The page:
Ecosystem Function Paper
Within the ecosystem, there is a collection of biotic and abiotic components. Biotic components are of living things or things that once where alive. Abiotic components are non- living which are composed of soil, water, light, inorganic nutrients and weather. Located within Nevada, there are three major ecosystems; Sierra Nevada Mountains, which borders California and Nevada from the Mojave Desert to Oregon where climates can drop to as low as -50 degrees, the Humboldt-Toiyabe National Forest which is in Eastern Nevada and the Mojave Desert which is located in Southern Nevada, parts of Arizona, Utah, and California. This paper will discuss the functional and structural dynamics of an ecosystem in the Sierra Nevada Mountains.
Major Structural and Functional Dynamics
There are 172 mountain summits within Nevada. Temperatures can reach up 125 degrees during the summer months in Southern Nevada and get as low as -50 degrees in Northern Nevada. Within Nevada there are six biotic zones; Alpine, Sub-Alpine, Ponderosa Pine, Pinion-Juniper, Sagebrush, and Creosote bush. The average rainfall in Nevada is around 7 in with the wettest part of the state receiving around 40 in and the driest receiving less than 4 in ( Geography).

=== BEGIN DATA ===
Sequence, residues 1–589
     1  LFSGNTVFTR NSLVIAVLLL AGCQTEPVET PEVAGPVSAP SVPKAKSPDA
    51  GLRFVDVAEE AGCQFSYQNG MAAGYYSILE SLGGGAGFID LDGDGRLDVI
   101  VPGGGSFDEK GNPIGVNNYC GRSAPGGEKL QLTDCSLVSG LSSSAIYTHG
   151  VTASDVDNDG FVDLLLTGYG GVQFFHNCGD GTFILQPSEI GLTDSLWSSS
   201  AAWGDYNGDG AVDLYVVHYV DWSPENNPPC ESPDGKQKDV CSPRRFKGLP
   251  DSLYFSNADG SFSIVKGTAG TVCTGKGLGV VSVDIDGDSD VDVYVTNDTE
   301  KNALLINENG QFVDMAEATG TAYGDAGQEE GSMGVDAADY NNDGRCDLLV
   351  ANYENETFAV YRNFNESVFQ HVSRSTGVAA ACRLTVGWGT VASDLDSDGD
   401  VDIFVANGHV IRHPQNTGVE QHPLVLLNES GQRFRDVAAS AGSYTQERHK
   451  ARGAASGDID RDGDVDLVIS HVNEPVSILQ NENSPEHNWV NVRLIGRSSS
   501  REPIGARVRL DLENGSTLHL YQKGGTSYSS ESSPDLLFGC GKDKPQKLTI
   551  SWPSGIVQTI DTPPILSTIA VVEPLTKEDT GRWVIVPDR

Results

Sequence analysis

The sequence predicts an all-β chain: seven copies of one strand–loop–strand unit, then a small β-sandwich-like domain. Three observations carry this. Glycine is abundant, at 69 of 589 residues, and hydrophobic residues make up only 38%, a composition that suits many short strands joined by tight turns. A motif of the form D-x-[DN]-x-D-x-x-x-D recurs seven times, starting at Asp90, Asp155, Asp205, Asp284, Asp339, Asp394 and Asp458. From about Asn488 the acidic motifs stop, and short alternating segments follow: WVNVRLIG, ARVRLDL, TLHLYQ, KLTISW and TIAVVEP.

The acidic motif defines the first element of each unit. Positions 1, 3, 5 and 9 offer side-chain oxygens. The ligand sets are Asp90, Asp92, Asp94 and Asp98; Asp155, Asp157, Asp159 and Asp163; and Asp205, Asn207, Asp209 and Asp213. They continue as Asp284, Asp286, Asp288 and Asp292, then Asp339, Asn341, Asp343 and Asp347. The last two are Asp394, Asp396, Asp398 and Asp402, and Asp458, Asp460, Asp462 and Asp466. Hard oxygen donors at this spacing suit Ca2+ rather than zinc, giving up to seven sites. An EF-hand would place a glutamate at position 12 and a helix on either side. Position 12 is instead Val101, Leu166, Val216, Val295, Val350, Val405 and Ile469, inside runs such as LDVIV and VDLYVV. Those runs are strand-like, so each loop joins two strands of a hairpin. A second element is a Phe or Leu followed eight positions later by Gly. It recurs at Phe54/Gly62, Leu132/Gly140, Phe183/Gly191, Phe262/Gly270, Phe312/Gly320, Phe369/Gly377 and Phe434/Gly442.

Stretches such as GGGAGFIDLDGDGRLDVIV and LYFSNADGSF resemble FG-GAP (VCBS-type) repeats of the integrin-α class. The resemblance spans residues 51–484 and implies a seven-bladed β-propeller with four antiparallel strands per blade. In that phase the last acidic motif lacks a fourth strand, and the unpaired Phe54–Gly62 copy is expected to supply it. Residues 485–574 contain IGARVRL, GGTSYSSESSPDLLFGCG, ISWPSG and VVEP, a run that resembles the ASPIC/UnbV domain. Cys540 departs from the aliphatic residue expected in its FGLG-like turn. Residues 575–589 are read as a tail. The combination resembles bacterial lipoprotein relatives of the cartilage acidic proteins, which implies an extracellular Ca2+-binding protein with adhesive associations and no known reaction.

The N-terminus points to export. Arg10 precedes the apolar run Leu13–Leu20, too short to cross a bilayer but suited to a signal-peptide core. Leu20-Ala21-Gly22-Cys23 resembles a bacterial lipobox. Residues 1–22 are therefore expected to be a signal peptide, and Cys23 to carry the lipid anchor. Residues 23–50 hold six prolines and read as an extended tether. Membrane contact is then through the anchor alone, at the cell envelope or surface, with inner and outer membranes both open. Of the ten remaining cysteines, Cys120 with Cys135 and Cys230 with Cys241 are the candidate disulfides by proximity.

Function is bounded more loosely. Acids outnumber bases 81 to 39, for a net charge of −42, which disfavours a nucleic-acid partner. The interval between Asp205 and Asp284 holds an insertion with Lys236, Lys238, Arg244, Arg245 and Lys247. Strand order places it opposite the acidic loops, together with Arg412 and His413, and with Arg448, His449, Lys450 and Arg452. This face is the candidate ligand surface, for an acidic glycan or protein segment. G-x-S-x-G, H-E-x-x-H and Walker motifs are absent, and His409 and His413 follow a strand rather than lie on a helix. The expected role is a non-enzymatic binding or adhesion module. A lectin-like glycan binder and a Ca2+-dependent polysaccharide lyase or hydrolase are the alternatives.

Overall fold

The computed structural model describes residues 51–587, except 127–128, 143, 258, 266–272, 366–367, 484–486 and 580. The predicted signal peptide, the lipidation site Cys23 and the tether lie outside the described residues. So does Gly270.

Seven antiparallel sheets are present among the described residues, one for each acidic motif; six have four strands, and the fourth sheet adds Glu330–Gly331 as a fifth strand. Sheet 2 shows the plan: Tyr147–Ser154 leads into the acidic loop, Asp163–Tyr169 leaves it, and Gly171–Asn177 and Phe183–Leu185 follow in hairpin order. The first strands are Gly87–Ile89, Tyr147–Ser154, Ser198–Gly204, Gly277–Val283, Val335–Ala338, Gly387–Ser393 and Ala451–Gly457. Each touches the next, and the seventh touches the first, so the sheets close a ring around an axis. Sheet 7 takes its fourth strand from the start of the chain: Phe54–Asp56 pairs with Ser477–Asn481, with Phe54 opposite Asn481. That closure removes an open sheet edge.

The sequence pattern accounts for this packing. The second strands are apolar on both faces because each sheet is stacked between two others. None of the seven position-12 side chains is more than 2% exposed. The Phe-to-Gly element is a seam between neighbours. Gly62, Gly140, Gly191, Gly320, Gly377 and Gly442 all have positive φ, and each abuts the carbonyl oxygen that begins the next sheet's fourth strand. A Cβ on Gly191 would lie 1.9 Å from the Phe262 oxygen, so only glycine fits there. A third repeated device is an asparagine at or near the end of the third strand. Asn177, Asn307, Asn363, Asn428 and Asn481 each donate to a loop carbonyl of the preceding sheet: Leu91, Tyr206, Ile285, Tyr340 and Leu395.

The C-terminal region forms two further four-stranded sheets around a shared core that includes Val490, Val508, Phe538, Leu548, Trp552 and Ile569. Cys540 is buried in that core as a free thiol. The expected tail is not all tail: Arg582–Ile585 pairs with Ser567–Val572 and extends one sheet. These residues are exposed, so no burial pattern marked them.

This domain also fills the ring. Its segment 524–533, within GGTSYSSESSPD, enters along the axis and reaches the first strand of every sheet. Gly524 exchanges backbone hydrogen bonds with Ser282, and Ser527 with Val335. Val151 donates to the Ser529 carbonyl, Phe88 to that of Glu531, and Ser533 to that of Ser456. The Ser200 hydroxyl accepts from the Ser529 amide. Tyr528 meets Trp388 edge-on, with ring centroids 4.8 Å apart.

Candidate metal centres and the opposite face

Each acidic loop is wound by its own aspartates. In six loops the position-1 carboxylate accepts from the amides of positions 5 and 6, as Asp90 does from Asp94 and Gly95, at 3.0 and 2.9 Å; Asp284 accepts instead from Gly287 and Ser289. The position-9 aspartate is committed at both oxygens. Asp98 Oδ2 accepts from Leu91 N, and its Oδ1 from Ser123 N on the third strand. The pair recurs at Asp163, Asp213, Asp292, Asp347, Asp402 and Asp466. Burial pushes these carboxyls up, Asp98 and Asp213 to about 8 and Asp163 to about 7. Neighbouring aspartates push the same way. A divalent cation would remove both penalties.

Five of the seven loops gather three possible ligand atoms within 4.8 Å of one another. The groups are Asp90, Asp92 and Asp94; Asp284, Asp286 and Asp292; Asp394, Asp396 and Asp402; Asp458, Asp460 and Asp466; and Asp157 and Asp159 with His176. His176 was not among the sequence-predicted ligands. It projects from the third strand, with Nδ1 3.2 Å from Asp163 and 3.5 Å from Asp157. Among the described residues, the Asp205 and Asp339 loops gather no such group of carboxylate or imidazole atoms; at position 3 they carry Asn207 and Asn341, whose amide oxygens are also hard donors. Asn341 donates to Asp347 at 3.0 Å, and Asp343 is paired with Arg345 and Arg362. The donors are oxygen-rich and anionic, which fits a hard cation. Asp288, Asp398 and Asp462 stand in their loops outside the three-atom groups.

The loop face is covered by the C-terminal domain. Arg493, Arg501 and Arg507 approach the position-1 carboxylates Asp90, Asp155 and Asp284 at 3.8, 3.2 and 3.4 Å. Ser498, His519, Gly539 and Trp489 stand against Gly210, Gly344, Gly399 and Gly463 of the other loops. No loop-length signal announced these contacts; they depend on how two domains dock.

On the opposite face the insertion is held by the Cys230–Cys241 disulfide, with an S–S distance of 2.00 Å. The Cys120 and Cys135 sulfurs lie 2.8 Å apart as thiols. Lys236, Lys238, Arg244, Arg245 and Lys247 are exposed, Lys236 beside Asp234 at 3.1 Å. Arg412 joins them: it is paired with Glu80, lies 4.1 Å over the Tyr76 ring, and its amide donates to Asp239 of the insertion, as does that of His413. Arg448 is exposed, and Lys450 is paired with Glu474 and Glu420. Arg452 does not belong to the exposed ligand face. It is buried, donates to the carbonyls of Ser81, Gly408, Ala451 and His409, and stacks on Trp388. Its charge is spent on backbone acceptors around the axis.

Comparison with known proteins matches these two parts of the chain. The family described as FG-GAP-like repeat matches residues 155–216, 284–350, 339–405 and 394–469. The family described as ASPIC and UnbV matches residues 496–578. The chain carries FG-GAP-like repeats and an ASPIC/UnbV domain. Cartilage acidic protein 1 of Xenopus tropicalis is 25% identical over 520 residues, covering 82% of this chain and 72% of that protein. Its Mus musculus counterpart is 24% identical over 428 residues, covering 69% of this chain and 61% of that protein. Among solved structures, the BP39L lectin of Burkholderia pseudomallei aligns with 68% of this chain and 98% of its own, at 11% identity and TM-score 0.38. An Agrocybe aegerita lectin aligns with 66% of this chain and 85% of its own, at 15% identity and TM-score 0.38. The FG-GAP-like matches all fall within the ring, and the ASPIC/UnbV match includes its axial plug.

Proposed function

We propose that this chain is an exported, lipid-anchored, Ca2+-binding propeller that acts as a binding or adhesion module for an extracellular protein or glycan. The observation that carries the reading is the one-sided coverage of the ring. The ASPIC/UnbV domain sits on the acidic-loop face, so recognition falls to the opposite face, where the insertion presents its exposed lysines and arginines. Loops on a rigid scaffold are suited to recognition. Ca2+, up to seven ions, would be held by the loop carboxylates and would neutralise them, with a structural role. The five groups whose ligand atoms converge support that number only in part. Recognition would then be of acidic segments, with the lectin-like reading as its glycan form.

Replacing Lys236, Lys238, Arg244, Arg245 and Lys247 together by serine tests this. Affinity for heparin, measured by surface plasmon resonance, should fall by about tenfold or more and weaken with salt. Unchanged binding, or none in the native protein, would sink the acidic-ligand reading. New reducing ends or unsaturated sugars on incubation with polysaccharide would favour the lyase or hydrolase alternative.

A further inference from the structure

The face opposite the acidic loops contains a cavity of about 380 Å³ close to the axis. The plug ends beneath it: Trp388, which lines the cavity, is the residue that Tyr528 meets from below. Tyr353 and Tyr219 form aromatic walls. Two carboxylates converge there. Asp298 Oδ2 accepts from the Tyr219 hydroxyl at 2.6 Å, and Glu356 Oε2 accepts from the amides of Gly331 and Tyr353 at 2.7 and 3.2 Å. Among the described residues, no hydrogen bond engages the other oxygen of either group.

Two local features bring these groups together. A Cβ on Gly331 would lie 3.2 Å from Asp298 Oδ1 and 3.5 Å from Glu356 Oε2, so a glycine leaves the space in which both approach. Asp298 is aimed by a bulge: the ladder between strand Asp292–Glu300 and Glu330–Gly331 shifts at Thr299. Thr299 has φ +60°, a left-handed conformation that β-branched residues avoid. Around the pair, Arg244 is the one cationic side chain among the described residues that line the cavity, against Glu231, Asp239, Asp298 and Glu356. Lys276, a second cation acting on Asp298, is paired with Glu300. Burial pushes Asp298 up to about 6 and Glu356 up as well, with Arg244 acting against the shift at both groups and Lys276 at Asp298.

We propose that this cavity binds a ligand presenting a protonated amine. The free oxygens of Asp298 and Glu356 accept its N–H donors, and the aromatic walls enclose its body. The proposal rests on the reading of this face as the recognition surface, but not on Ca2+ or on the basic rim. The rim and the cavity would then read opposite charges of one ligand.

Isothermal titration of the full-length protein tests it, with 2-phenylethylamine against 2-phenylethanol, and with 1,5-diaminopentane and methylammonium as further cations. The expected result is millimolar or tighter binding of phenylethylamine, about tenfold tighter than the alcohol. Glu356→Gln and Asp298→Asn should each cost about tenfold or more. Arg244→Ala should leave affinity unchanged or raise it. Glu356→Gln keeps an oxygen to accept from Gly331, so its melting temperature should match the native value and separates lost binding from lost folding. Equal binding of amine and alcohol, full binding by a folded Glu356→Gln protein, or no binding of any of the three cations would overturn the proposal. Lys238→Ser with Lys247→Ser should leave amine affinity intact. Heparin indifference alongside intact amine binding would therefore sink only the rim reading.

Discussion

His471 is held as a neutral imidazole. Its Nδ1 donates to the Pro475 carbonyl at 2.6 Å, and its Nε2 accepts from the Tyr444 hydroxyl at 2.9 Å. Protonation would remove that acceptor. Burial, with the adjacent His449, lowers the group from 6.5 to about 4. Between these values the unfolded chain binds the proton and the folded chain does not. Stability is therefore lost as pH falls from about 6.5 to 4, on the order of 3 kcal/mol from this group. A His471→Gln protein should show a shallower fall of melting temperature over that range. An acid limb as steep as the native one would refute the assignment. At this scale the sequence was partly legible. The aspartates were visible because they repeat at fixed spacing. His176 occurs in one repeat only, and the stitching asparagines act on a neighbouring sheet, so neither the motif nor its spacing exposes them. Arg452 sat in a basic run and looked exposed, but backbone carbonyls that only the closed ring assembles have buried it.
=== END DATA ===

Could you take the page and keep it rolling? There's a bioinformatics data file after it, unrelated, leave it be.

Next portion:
The Sierra Nevada Mountains is home to the Big Horn Sheep. The Sierra Nevada Mountains is also 60 percent of the water supply to California. During heavy winters when the snow melts, the snow fed streams supply irrigation water and generates hydroelectric power. Disease, hunting, and habitat encroachment has put the Bighorn Sheep on the endangered species list. Due to climate change, there are only five small areas left in the southern and central Sierra’s where the Bighorn live ( Sierra Club). With Sierra Nevada having the largest block of granite, its western slopes are glacier carved canyons which supports the diverse conifer forests and is the home of the Giant Sequoia. Due to high temperatures and climate...